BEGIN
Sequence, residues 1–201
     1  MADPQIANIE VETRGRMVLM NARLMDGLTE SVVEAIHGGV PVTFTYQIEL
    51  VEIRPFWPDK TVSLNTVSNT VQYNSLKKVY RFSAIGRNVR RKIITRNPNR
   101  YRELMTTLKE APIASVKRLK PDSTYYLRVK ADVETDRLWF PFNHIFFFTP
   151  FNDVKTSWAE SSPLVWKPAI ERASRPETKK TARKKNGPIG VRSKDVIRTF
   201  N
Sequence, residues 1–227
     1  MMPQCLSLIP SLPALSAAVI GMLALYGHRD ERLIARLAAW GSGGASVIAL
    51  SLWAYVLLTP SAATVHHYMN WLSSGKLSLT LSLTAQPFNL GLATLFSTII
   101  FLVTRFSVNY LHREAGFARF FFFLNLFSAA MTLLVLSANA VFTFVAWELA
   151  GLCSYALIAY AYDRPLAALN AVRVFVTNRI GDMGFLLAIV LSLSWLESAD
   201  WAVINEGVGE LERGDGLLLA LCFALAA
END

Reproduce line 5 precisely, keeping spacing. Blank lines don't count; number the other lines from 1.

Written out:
   151  FNDVKTSWAE SSPLVWKPAI ERASRPETKK TARKKNGPIG VRSKDVIRTF